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Lodge v. Stout

Court of Appeals of Indiana

June 14, 2019

Flatrock River Lodge, Appellant-Plaintiff,
v.
Morris Stout and Tonia Sue Stout, Appellees-Defendants.

          Appeal from the Rush Circuit Court The Honorable David E. Northam, Judge Trial Court Cause No. 70C01-1609-CC-294

          ATTORNEY FOR APPELLANT Patrick C. Badell Badell & Wilson, P.C. Rushville, Indiana

          ATTORNEY FOR APPELLEES Jack A. Tandy Tandy Law, LLC Shelbyville, Indiana

          NAJAM, JUDGE

         Statement of the Case

         [¶1] Flatrock River Lodge ("Flatrock") appeals the trial court's order denying Flatrock's motion to execute on its judgment lien upon Morris Stout's interest in real estate previously owned by Morris and Tonia Stout as joint tenants with right of survivorship. Flatrock presents a single issue for our review, namely, whether Morris' interest in the real estate as a joint tenant was exempt from execution on Flatrock's judgment lien during his lifetime. Tonia counters that Flatrock's appeal was moot upon Morris' death when she became the sole owner of the real estate. We hold that Flatrock's appeal is not moot and that the real estate is not exempt from execution on the judgment lien.

         [¶2] We reverse.

         Facts and Procedural History

         [¶3] In 1985, Maurice and Lucille Stout deeded forty-six acres of real estate in Rush County to their son Morris and their granddaughter Tonia as joint tenants with right of survivorship ("the real estate"). On September 2, 2016, Flatrock, a health care provider, filed a complaint on account against Morris seeking judgment for a balance Morris owed Flatrock in the amount of $39, 238.28 plus attorney's fees. Flatrock also filed a notice of lis pendens with respect to the real estate in the Rush County Recorder's Office. On September 16, Tonia moved to intervene, and the trial court granted her motion. Thereafter, Flatrock and Morris entered into an agreed judgment, approved by the trial court on September 23, whereby judgment was entered against Morris and in favor of Flatrock in the amount of $40, 144.28. The Rush County Clerk entered the judgment in the record of judgments and orders ("RJO") on September 27.

         [¶4] On January 18, 2018, Flatrock filed a Trial Rule 69 motion for execution and foreclosure on the judgment lien. In response, Tonia filed a memorandum stating that, because she and Morris had acquired title to the real estate as joint tenants with right of survivorship, their joint interest should be treated like a tenancy by the entireties. Thus, Tonia asserted that Morris' interest in the real estate was exempt by statute from execution. Following a hearing on March 12, the court denied Flatrock's motion. Flatrock filed a motion to correct error, which the court also denied. On August 14, Flatrock filed a notice of appeal. And on October 14, Morris died.[1]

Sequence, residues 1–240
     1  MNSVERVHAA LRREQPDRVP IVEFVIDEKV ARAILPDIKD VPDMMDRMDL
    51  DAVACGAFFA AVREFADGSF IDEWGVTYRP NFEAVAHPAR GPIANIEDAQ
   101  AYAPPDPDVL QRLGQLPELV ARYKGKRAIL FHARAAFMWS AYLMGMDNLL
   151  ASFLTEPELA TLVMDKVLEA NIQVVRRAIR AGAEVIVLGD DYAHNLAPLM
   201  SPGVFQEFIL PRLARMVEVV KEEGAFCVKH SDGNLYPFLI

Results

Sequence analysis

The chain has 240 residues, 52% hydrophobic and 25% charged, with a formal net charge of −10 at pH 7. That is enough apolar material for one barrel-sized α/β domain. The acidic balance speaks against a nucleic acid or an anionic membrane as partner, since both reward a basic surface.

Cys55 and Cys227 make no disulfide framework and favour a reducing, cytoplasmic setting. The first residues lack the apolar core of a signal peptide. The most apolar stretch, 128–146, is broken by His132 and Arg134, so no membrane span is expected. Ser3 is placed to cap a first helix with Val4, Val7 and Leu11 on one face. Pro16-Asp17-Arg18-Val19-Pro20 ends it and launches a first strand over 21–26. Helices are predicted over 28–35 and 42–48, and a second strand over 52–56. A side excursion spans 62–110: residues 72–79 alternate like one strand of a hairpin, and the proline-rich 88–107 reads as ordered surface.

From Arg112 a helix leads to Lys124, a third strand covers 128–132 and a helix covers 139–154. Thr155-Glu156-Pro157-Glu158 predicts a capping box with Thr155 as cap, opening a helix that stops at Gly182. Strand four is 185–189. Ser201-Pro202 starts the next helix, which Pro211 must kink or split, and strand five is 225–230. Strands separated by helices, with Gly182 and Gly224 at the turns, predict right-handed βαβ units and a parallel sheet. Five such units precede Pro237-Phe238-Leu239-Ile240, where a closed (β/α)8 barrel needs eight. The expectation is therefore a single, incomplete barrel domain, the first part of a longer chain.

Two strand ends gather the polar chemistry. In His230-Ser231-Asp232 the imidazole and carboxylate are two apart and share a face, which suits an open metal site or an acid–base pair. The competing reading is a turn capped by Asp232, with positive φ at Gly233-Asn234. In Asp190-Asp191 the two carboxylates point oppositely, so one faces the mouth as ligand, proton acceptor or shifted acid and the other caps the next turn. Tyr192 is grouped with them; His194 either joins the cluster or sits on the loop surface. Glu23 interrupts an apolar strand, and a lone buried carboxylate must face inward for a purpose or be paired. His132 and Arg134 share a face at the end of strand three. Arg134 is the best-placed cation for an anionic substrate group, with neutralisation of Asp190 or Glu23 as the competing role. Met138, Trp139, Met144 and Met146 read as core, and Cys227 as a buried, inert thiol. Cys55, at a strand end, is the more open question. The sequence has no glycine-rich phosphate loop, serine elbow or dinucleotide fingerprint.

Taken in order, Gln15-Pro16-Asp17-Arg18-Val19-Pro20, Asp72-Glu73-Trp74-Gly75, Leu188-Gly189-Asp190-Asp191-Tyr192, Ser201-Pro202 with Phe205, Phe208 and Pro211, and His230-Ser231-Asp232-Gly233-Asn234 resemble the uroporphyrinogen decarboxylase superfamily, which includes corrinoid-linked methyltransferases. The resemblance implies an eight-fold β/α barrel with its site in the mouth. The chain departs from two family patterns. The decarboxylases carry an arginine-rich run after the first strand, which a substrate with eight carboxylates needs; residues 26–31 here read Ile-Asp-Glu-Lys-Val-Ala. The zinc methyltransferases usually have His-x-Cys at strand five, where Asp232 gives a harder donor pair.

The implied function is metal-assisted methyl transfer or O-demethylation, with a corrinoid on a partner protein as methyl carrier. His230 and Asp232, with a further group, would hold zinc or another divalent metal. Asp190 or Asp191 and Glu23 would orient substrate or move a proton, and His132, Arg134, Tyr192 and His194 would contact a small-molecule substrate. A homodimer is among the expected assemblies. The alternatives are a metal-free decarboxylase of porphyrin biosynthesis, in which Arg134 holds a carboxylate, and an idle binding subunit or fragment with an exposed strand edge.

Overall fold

Discussion and Decision

         [¶5] Flatrock contends that the trial court erred when it denied its motion to execute on the judgment lien. While the trial court did not state a reason for its denial, the parties agree that the trial court must have concluded that Morris' interest in the real estate was exempt by statute from execution. Where, as here, the relevant facts are not in dispute and the interpretation of a statute is at issue, such statutory interpretation presents a pure question of law, and our review is de novo. Clem v. Watts, 27 N.E.3d 789, 791 (Ind.Ct.App. 2015).

         [¶6] We first address Tonia's contention that, because Morris died in October 2018, this appeal is moot. Tonia maintains that because she was a joint tenant with right of survivorship in the real estate, Morris' interest in the real estate became hers at his death free and clear of any judgment lien. Tonia would disregard the fact, however, that Flatrock's money judgment against Morris became a lien on Morris' interest in the real estate when the Rush County Clerk entered the agreed judgment in the RJO on September 27, 2016, two years before Morris' death. See Arend v. Etsler, 737 N.E.2d 1173, 1175 (Ind.Ct.App. 2000) (stating that a money judgment becomes a lien on the debtor's real property when the judgment is recorded in the judgment docket in the county where the realty held by the debtor is located). Thus, Tonia takes Morris' interest in the real estate subject to Flatrock's judgment lien. Jones v. Chandler, 40 Ind. 588, 590 (1872). The lien was not extinguished at Morris' death, and this appeal is not moot.

         [¶7] The dispositive issue presented on appeal is whether Indiana Code Section 34-55-10-2(c)(5) (2018), which provides that "[a]ny interest that the debtor has in real estate held as a tenant by the entireties" is exempt from execution of a judgment lien, also exempts from execution an interest in real estate held as a joint tenant with right of survivorship. Flatrock contends that the trial court erred when it denied its motion to execute its judgment lien on the real estate. In particular, Flatrock maintains that, contrary to Tonia's assertion to the trial court, subsection 2(c)(5) of the exemption ...


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